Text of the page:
By Carolyn Belardo
Bug Fest is still two weeks away, but some of us already are salivating over the insect-laden dishes that “The Bug Chef” plans to whip up and serve at the annual festival. Others are not so eager to indulge.
This is the first year that Seattle-based David George Gordon, who calls himself “The Bug Chef,” will be behind the stove on the Academy’s stage. Visitors can watch as he deftly prepares Grasshopper Kabobs, Scorpion Scaloppine, and Deep-Fried Tarantula from his popular The Eat-a-Bug Cookbook. Large-screen projection will ensure the audience doesn’t miss an antenna or claw sizzling in the frying pan.
Gordon’s cooking demos will take place at 1 p.m. both days of Bug Fest, Saturday and Sunday, Aug. 8 and 9. And from 11 a.m.–noon and 3–5 p.m., he will give out samples of his buggy treats, while supplies last.
Those who come dressed as a bug get $2 off admission. Or they could end up in Gordon’s cooking pot! To purchase tickets today, click here.
Gordon offers tips on how to cook (and how not to cook) with insects in this Philadelphia Daily News article: click here.
Here are some of Gordon’s favorite recipes so you can try them at home. Bon appetite!
Yield: 6 servings
For the marinade:
1/2 cup fresh lemon juice
1 tablespoon olive oil
1 teaspoon honey
1/2 teaspoon freshly grated ginger
1 tablespoon Dijon mustard
2 tablespoons minced fresh herbs, such as parsley, mint, thyme, and tarragon
1/4 teaspoon salt
Pinch of freshly ground pepper
12 frozen katydids, grasshoppers,or other large-bodied Orthoptera, thawed
1 red bell pepper, cut into 11/2-inch chunks
1 small yellow onion, cut into 8 wedges
1. Mix all ingredients for the marinade in a nonreactive baking dish. Add the katydids, cover, and marinate in the refrigerator overnight.
2. When ready to cook, remove the katydids from the marinade and pat dry. Assemble the kabobs by alternately skewering the insects, bell pepper, and onion wedges to create a visually interesting lineup.
3. Brush the grill lightly with olive oil. Cook the kabobs 2 or 3 inches above the fire, turning them every two or three minutes and basting them with additional olive oil as required. The exact cooking time will vary, depending on your grill and the type of insects used. However, the kabobs should cook for no longer than 8 or 9 minutes.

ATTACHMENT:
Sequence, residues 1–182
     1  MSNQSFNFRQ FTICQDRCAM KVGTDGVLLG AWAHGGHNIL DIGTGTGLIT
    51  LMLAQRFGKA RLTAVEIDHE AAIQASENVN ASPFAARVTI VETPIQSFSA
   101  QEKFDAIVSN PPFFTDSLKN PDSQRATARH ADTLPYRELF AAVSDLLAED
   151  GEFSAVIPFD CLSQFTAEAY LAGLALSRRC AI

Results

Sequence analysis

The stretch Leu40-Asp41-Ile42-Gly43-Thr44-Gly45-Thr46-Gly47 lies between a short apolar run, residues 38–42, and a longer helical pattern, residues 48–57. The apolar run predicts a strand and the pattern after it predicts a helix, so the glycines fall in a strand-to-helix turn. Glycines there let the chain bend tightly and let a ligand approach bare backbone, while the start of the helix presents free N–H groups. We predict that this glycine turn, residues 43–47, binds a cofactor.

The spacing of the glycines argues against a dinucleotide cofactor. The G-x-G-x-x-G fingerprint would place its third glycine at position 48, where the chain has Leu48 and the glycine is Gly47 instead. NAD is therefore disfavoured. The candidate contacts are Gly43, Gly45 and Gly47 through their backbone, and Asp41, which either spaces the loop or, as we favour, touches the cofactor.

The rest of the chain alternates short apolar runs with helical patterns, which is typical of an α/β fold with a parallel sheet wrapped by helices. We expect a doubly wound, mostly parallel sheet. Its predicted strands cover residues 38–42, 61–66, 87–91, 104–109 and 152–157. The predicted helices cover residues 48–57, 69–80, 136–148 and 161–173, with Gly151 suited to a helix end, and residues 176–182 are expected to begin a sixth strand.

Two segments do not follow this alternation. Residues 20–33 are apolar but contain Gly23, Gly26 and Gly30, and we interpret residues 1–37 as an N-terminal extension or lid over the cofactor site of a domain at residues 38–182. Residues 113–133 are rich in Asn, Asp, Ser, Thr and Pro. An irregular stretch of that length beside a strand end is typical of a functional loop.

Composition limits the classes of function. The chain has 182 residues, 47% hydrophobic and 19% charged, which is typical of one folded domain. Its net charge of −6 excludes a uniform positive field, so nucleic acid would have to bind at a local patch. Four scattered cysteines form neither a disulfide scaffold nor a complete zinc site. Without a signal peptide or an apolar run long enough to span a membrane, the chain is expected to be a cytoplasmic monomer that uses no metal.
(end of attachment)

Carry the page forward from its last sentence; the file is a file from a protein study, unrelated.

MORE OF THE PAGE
Yield: 4 servings
2 cups low-fat milk
8 frozen desert hairy scorpions or a similar species, thawed
1 cup white cornmeal
2 tablespoons butter
1 tablespoon fresh lemon juice
2 tablespoons chopped fresh parsley
1. Pour the milk into a medium bowl. Add the scorpions to the bowl and set aside while preparing the rest of the ingredients. Spread the cornmeal on a plate and set aside.
2. In a large skillet, melt the butter. Working with one scorpion at a time, remove them from the milk, allowing the excess to drain off. Dredge the scorpions through the cornmeal, shaking off any excess.
3. Place the scorpions in the hot butter and cook until they are golden brown, about 2 minutes. Then turn the scorpions over and cook until done, about 1 minute more.
4. Drain on paper towels. Sprinkle with lemon juice and chopped parsley and serve.
Yield: 4 servings
2 cups canola or vegetable oil
2 frozen adult Texas brown, Chilean rose, or similar-sized tarantulas, thawed
1 cup tempura batter (see recipe below)
1 teaspoon smoked paprika
1. In a deep saucepan or deep-fat fryer, heat the oil to 350°F.
2. With a sharp knife, sever and discard the abdomens from the two tarantulas. Singe off any of the spider’s body hairs with a crème brûlée torch or butane cigarette lighter.
3. Dip each spider into the tempura batter to thoroughly coat. Use a slotted spoon or your hands to make sure each spider is spread-eagled (so to speak) and not clumped together before dropping it into the hot oil.
4. Deep-fry the spiders, one at a time, until the batter is lightly browned, about 1 minute. Remove each spider from the oil and place it on paper towels to drain.
5. Use a sharp knife to cut each spider in two lengthwise. Sprinkle with the paprika and serve. Encourage your guests to try the legs first and, if still hungry, to nibble on the meat-filled mesothorax, avoiding the spider’s paired fangs, which are tucked away in the head region.
For the tempura batter:
1 medium egg
1/2 cup cold water
1/2 cup all-purpose flour
1/2 teaspoon baking soda
1. To make the batter, beat the egg in a small mixing bowl until smooth. Slowly add the cold water, continuing to beat until evenly mixed. Add the flour and baking soda and beat gently until combined; the batter should be a bit lumpy.
2. Let the batter sit at room temperature while heating the oil.
For more information about eating insects, check out “Bugs are delicious (or, at least) trendy” on philly.com.